MANILA — A cooling of inflation allowed the Philippine central bank to leave its benchmark interest rate on hold on Thursday after five straight hikes, but it said it was ready to take action if needed to keep prices in check.
The Bangko Sentral ng Pilipinas (BSP) left the rate on its overnight reverse repurchase facility unchanged at 4.75 percent, as predicted by 11 out of 13 analysts in a Reuters poll. The other two expected another 25 basis point (bps) hike.
“The Monetary Board deemed it prudent for the time being to keep monetary policy settings steady and allow previous monetary responses to continue to work their way through the economy,” the central bank said in a statement.
“The BSP is prepared to take further policy action as appropriate to safeguard its price stability mandate.”
The bank raised rates by a total 175 basis points at its last five meetings in a bid to tame inflation, which at one point reached the highest level in almost a decade.
The annual rate, 6.7 percent in both September and October, dropped to a four-month low of 6.0 percent last month.
Easing fuel and food prices should cool inflation further, the central bank said, and bring the average rate in 2019 and 2020 to 3.18 percent and 3.04 percent, respectively, lower than its previous estimates of 3.5 percent and 3.3 percent.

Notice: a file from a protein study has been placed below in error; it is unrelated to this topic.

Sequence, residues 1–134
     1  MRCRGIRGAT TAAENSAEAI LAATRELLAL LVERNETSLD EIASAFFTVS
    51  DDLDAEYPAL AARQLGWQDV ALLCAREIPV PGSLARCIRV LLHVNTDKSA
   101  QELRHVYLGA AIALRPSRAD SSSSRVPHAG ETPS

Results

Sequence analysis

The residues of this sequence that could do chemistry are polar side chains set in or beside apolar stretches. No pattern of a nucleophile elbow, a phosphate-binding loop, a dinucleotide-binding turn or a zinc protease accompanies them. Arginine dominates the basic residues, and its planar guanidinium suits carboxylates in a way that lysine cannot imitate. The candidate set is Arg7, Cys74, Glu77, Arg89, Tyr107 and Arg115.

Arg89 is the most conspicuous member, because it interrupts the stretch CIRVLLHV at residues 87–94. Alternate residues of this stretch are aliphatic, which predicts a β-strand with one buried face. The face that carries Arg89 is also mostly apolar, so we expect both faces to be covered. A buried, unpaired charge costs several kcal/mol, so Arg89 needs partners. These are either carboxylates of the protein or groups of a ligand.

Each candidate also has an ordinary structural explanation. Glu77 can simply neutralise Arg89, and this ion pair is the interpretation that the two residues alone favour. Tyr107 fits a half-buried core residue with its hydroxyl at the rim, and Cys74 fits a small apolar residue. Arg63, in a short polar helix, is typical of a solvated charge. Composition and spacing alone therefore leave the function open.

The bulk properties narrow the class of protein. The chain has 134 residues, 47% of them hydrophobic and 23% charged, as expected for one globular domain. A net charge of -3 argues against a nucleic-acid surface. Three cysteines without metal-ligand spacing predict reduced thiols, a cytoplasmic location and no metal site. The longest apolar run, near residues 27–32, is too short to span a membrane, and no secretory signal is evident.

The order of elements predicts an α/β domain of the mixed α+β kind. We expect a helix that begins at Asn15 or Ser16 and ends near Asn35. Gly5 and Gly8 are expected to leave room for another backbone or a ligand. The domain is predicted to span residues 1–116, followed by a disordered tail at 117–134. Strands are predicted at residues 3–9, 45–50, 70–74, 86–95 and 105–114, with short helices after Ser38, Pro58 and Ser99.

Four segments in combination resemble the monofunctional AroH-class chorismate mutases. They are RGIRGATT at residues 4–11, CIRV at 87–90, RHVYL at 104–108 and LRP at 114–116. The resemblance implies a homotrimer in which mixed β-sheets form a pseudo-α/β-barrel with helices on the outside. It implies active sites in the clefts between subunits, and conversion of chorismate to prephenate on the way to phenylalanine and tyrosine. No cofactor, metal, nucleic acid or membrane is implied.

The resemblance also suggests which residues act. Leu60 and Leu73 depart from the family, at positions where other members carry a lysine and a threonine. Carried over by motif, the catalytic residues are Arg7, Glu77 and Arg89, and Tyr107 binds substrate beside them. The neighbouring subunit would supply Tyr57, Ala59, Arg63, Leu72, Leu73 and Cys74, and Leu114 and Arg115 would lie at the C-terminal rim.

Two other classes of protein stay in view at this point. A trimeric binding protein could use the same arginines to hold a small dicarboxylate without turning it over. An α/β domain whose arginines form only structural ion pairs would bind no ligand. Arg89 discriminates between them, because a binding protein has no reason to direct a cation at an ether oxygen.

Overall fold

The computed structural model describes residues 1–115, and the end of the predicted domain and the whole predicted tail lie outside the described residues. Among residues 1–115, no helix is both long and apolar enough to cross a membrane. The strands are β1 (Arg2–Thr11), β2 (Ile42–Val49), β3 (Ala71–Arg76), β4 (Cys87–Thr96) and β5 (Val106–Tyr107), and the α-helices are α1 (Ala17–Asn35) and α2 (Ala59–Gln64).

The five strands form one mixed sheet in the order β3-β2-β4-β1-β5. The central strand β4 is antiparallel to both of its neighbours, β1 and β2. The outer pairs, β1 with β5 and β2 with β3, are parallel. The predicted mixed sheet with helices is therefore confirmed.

Still ‘data dependent’
Asked if the rate hike cycle was over, central bank assistant governor Francisco Dakila said the BSP “remains data dependent”.
Some analysts believe the central bank’s rate-hiking is now over and its next move would probably be to ease policy next year.
ING economist Nicholas Mapa said he expects the central bank to slash banks’ reserve requirement ratio during the first quarter, followed by a reduction in its benchmark rate in the second quarter.
“As long as inflation continues to trend lower, growth slows and the (U.S. Federal Reserve) indeed turn dovish, the next policy moves by the BSP will be that of easing,” he said.
Alex Holmes of Capital Economics said food and energy price inflation should stabilize in the months ahead, making further rate hikes unlikely.
“With inflation set to drop back sharply over the coming months, we suspect the next move will be a rate cut,” he said in a note.
“With growth slowing and headwinds building, we think the emphasis will soon turn to support the economy. We now expect the bank to loosen policy around the middle of next year,” Holmes added. — Writing by Karen Lema and Enrico Dela Cruz; Editing by Martin Petty and Richard Borsuk